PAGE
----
Here and Now

Weekdays Noon to 2pm

Here! Now! Imperative: not to be avoided: necessary. In a typical week, the show will cover not only all the big news stories, but also the stories behind the stories, or some of the less crucial but equally intriguing things happening in the world.

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The U.S. took in more than 96,000 refugees last year, and many were children. Some of those children are finishing their first year in American schools.

Diane Orson from Here & Now contributor WNPR reports on an after-school arts program that’s partnered with a local resettlement agency to create a special violin class for some of the 270 young refugees living in New Haven, Connecticut.

A Slow And Steady Approach To Chemotherapy

Jun 22, 2017

When doctors treat cancer with chemotherapy, they usually attack the tumor as aggressively as the patient can bear. Then, after a break, they do it again. And again.

But that hard-hitting chemo tactic can have a downside: a few resistant cancer cells may survive, and the cancer can come back.

The shipping containers that come through the ports of Los Angeles and Long Beach every year would wrap around the Earth two times if you laid them out end-to-end. Those containers are filled with electronics and clothing that are manufactured in places like Asia and then shipped to U.S. retailers.

Senate Republicans have spent weeks crafting their latest health care plan to replace the Affordable Care Act in secret

But according to historians Nathan Connolly (@ndbconnolly) and Joanne Freeman (@jbf1755), it’s hardly the first time American politics have been shaped behind closed doors.

Inside The College Meme Craze

Jun 21, 2017

Memes made headlines after Harvard University rescinded acceptances from 10 potential students for discovering offensive images circulated in a private chat. But the college meme craze is much bigger than that.

Saudi Arabia’s stock market closed up more than 5 percent on Wednesday after King Salman announced the person next in line to the throne: his 31-year-old son, Prince Mohammed bin Salman.

Here & Now‘s Jeremy Hobson speaks with Middle East analyst F. Gregory Gause of the Bush School at Texas A&M University about the significance of the announcement.

There are dual hearings in Washington on Wednesday related to the ongoing investigations into Russian interference in the 2016 election.

Here & Now‘s Robin Young gets the latest on the House and Senate hearings from NPR’s Greg Myre (@gregmyre1).

World leaders have called President Trump’s withdrawal from the Paris climate accord “regrettable” and “disappointing.” But for Honduran farmers, climate change is personal.

More than a dozen flights have been canceled out of Phoenix on Tuesday because of extreme heat. American Airlines canceled a number of regional flights using the Bombardier CRJ aircraft, which can’t operate above 118 degrees.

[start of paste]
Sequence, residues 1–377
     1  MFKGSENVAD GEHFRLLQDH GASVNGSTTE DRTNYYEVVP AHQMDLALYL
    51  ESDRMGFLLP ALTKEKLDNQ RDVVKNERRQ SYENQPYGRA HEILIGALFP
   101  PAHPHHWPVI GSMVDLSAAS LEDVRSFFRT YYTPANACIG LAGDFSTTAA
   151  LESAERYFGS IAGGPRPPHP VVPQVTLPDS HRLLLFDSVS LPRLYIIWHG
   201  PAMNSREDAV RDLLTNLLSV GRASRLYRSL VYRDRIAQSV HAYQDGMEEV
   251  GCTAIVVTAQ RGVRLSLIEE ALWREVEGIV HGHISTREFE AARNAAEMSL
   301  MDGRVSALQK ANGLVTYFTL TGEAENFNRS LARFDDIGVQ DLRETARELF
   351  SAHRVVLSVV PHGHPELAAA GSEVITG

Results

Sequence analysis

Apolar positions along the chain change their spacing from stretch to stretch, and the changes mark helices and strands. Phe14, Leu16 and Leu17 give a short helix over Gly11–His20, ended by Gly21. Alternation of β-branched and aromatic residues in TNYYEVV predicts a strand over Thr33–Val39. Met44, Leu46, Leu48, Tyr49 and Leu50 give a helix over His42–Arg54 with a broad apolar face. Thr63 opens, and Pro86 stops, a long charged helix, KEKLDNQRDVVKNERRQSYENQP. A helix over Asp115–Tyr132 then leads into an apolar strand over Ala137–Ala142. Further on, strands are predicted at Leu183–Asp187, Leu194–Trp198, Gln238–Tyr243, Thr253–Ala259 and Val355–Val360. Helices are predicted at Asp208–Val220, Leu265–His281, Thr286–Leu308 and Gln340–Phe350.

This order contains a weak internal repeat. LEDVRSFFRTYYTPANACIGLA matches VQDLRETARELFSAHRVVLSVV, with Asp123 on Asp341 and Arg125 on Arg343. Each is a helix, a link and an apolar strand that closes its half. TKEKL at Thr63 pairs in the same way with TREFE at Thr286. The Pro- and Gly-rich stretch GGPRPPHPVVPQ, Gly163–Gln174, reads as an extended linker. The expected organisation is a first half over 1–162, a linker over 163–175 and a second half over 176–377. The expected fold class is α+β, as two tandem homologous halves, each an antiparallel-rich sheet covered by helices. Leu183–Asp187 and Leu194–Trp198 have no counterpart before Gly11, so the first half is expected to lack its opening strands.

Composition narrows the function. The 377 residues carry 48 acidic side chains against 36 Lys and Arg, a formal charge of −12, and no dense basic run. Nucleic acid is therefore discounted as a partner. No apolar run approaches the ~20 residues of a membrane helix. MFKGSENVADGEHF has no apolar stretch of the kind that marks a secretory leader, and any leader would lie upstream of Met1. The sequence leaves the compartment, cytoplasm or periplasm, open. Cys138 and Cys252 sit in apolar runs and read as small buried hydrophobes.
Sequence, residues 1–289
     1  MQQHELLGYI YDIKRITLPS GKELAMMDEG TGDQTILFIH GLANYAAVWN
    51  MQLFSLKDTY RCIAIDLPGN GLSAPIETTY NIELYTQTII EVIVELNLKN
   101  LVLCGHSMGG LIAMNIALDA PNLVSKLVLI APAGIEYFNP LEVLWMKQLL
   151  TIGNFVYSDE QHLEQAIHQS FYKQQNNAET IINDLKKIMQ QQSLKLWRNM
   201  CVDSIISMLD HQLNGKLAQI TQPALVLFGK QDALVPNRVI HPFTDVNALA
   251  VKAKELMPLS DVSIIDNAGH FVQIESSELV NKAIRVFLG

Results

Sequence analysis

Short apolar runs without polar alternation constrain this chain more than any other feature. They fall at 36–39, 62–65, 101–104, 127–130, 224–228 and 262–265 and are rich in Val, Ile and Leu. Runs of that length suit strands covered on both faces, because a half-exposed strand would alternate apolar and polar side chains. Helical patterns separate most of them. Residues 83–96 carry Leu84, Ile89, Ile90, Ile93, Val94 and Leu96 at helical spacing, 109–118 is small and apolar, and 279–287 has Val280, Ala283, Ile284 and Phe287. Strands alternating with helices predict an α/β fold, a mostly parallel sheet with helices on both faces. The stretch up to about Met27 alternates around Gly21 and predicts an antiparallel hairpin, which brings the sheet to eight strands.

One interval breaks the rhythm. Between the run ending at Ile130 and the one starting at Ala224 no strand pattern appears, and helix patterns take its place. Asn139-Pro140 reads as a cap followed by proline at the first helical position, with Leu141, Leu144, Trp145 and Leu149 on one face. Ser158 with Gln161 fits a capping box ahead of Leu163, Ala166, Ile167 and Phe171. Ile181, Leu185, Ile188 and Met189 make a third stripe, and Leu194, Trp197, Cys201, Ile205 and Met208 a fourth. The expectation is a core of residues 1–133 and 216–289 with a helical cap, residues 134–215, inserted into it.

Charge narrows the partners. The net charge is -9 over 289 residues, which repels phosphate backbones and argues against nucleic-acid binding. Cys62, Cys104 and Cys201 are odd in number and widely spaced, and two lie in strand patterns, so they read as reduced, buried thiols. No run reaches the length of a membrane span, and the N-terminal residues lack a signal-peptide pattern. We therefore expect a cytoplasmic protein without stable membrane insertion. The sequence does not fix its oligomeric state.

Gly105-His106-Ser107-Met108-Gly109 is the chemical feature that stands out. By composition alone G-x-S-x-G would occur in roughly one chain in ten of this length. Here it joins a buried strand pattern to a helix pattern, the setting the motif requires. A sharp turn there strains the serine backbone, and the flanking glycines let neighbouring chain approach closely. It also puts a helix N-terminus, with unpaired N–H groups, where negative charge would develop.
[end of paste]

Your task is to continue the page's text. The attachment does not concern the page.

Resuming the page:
Tuesday’s high is expected to reach 120 degrees. Here & Now‘s Jeremy Hobson speaks with MSNBC’s Ali Velshi (@AliVelshi) about how planes are impacted by heat.

Nearly 40 percent of universities in a recent national survey reported drops in applications they are getting from overseas. And officials say they know why: concerns about President Trump’s campaign rhetoric and policy proposals.

The Supreme Court has agreed to hear a partisan gerrymandering case out of Wisconsin. It’s the first case of its kind to make it to the high court.

Here & Now‘s Jeremy Hobson talks with Emily Bazelon (@emilybazelon), staff writer at the New York Times Magazine and a fellow at Yale Law School, about the case’s significance.

On Friday, six members of the Presidential Advisory Council on HIV/AIDS resigned. In an op-ed published in Newsweek, council member Scott Schoettes wrote he and other members could no longer be effective serving a “president who simply does not care.”

Penn State is considering reforms to the school’s fraternities, after video tapes and an investigation showed that Beta Theta Pi pledge Timothy Piazza died after being forced to drink excessively.

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Every year we commemorate the graduation season with folk singer Tom Rush’s performance of Murray McLauchlan’s “Child’s Song.” As Rush tells Here & Now‘s Robin Young, it’s a song that continues to resonate as children grow up and leave home.

A woman who sent her boyfriend a barrage of text messages urging him to kill himself when they were both teenagers was convicted Friday of involuntary manslaughter.

Juvenile Court Judge Lawrence Moniz found that Michelle Carter caused the death of Conrad Roy III. Carter cried as the judge explained his reasoning but remained stoic when the verdict was read.